Angry consumers have lambasted a food retailer, posting photos on social media of a sign claiming its workers have not been paid in weeks before being locked out altogether.
A Facebook user posted a photo of the closed doors of the Doughnut Time store in Sydney’s Queen Victoria Building (QVB), which featured a handwritten sign on butcher’s paper stuck on with tape.
The sign in the photo, seen by My Business, reads: “Doughnut time hasn’t paid us in weeks!!! And now we all got fired”.
It ends with the hashtag “#itsnotalwaysagoodtime”, a play on the retailer’s slogan “it’s time”.
The user uploaded the photo with the comment: “Avoid Doughnut Time friends! They haven’t been paying their workers! [angry face emoticon] This is all Doughnut Times not just the QVB location!”
As of 10am, Wednesday, 7 March, the post had been shared 2,192 times and elicited around 1,400 comments.
“i[sic] heard about this!! so bad!! the dude went bankrupt,” wrote one user.
“when [sic] you overspend on PR ahahaha,” said another.
Doughnut Time released a statement saying that the “business has been sold for an undisclosed sum to a management group owned by Dan Strachotta”.
The statement claimed that Mr Strachotta is a turnaround specialist who had already been a consultant to Doughnut Time for 10 months.
“I’ve always been a big fan of the Doughnut Time brand and I am looking forward to a bright future for the company,” said Mr Strachotta.
“We intend to work with online platforms that can give us growth without the crazy rents that the company previously faced. Online sales and working with delivery partners will be our immediate future strategy, while trying to keep as many of the current employees as possible at the stores.”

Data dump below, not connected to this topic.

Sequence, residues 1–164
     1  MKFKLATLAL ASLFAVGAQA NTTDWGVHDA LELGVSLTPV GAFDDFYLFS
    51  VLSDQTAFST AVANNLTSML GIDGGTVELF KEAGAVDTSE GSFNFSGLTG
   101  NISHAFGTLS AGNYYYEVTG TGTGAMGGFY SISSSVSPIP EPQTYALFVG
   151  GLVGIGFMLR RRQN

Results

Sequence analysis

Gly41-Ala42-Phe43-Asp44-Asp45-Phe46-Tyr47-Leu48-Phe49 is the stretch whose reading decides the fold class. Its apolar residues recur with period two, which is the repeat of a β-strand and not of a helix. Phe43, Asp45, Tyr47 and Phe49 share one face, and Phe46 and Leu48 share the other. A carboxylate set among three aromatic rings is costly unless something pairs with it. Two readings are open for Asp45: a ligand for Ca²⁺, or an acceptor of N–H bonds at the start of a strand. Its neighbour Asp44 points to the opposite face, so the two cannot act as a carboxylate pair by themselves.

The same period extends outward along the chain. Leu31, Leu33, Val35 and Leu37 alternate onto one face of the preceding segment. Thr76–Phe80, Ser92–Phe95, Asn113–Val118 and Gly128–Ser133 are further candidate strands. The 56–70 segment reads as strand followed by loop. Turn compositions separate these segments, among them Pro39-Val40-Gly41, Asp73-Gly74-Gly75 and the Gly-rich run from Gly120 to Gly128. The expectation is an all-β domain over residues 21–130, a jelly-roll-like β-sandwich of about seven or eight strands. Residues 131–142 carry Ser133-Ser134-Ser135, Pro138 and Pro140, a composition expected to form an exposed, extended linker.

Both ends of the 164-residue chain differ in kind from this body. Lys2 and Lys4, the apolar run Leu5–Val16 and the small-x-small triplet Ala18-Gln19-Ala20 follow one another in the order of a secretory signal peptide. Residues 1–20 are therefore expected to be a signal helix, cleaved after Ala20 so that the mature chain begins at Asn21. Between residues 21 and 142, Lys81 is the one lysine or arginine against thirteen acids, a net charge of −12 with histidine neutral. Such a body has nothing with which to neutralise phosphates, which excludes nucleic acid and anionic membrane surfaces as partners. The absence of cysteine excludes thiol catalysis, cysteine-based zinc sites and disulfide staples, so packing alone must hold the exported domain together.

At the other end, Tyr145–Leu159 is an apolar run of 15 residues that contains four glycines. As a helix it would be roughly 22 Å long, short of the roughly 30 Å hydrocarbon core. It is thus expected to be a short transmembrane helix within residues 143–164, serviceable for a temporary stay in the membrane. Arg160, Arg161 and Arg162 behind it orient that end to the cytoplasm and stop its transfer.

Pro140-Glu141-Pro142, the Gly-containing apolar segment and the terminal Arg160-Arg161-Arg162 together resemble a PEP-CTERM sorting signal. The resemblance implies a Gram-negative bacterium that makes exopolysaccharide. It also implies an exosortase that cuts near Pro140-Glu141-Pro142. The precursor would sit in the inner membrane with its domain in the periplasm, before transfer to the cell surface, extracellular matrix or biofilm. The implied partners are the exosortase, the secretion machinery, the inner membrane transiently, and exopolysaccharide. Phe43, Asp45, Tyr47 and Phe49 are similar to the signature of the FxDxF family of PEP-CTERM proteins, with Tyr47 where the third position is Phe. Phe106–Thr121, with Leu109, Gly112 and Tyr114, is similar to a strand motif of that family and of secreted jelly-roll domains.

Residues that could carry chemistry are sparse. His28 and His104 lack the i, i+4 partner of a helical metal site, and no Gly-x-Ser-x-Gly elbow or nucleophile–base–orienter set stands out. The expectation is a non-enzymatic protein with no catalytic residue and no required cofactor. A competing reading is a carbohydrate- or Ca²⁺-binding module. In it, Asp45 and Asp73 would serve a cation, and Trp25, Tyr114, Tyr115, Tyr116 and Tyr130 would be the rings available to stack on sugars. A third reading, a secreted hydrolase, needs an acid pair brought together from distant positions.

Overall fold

The statement also included a quote from founder Damian Griffiths, who said: “I expanded too quickly. I guess I had too many big ideas and dreams when I started the development of Limes Hotel, Alfred & Constance, and then expanded Doughnut Time around Australia.
“I apologise to the staff for not being able to pay them in full, it’s a terrible position for them. I am being forced into bankruptcy by my cousin and the landlord and I just can’t keep going.”
Doughnut Time refused to comment on the situation with the unpaid workers and resulting social media backlash, saying it was a matter for the previous owner. Its own Facebook page is currently offline.
A spokesperson for the Fair Work Ombudsman confirmed to My Business that it is currently investigating Doughnut Time, but is “unable to comment further while the inquiries are ongoing”.
According to its website, Doughnut Time was founded in 2015 and quickly grew to have over 300 employees in “more than 15 locations across Australia” as well as in the UK.
However, its list of locations on the website provides details for only nine sites, including three in the UK. None are listed in Sydney.
Doughnut Time said that only a portion of the store network will continue to trade under the new management.
Adam Zuchetti is the editor of My Business, and has steered the publication’s editorial direction since early 2016.